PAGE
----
I have just returned from the Cambridge Folk Festival, as those who follow me on Twitter will be all too aware.
I went with some reluctance and a few preconceptions. I don’t particularly like traditional folk. The event would be full of people with beards and sandals, chugging back real ale and singing “hey nonny nay”. And that’s just the women.
Daughter and the chief executive went with me, both being into folk. The Boy remained at home with his rap CDs.
I was quite wrong. I have written here before how folk has become fashionable among many young people. It has to do with its perceived authenticity, and how it seems set aside from a mainstream music industry that they know is greedy and manipulative. It is also cheap and easy to make.
Many of the performers, then, were staggeringly young, highly talented and energetic. You had to be moved by their enthusiasm, including one fiddle quartet who had come all the way from the Orkneys. Much of the actual folk was taking place at fringe venues, sometimes impromptu. On the main stage, the acts were pretty mainstream and would not look out of place at any other music festival.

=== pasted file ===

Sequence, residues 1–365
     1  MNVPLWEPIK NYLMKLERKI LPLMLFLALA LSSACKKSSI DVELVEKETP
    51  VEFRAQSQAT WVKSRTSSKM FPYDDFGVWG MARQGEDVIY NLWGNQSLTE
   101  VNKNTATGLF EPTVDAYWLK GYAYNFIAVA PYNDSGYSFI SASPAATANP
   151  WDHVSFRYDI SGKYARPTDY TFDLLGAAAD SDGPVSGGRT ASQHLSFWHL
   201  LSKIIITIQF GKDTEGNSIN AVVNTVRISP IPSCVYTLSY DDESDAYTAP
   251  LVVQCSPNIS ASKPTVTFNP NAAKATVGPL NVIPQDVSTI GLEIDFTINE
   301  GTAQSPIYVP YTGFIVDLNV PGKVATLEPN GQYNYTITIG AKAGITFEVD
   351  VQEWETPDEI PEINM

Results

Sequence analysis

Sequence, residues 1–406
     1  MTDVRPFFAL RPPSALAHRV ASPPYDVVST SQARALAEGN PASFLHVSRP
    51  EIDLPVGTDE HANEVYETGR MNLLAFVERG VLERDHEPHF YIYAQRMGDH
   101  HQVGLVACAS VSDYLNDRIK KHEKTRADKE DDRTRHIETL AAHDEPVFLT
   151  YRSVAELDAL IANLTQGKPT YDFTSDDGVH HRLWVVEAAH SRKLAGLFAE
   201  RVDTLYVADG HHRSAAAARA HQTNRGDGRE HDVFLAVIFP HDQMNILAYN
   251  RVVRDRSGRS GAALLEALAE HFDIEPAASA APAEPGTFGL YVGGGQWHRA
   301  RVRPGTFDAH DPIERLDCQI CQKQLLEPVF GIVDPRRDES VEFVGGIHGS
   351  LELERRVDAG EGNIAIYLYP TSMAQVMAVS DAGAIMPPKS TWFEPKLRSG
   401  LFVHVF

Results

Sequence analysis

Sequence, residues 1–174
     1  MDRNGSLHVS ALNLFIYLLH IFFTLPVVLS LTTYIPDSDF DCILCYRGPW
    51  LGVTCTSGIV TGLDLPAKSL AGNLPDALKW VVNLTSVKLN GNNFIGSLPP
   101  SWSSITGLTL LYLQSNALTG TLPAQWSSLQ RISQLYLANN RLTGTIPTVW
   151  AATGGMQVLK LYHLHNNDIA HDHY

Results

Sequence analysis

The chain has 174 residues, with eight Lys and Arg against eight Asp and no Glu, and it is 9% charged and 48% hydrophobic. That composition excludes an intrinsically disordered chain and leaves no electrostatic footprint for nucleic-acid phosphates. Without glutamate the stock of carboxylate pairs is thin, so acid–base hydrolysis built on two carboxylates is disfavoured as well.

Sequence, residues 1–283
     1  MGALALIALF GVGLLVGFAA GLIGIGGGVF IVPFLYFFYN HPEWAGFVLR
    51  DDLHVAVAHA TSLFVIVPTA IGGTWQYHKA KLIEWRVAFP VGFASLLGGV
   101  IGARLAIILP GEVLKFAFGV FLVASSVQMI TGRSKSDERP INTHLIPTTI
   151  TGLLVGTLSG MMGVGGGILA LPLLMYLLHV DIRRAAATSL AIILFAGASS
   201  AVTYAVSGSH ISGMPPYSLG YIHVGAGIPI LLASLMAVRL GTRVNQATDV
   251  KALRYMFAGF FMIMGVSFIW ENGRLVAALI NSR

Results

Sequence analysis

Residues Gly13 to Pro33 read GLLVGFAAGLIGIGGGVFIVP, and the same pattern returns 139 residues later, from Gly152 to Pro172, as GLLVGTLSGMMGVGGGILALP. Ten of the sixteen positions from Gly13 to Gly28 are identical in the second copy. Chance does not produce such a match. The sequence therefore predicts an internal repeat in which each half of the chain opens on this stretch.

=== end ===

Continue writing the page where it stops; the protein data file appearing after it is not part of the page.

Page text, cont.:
Wilko Johnson, still mercifully with us, Frank Turner, Nick Mulvey, Joan Armatrading. Even Joan Baez, now 75 and a living legend. And a Northumbrian act called The Unthanks, who combined some ECM-style modal jazz with harmony vocals. And, er, a bit of clog dancing. And performed King Crimson’s “Starless And Bible Black”. Dad’s record collection, surely?
The audience were in the main middle class and middle aged. Nice people, with whom you could strike up a casual conversation without difficulty. An awful lot of drinking, mainly ale, but only one seriously out of order. A youngish girl being helped by solicitous security people.
The odd spliff, especially after dark. But virtually no one smoking cigarettes. Goes with the demographic, I suppose.
An annual event for us, then. As with other festivals, you have to book before you know who is on, but with the range available there you can safely buy unseen.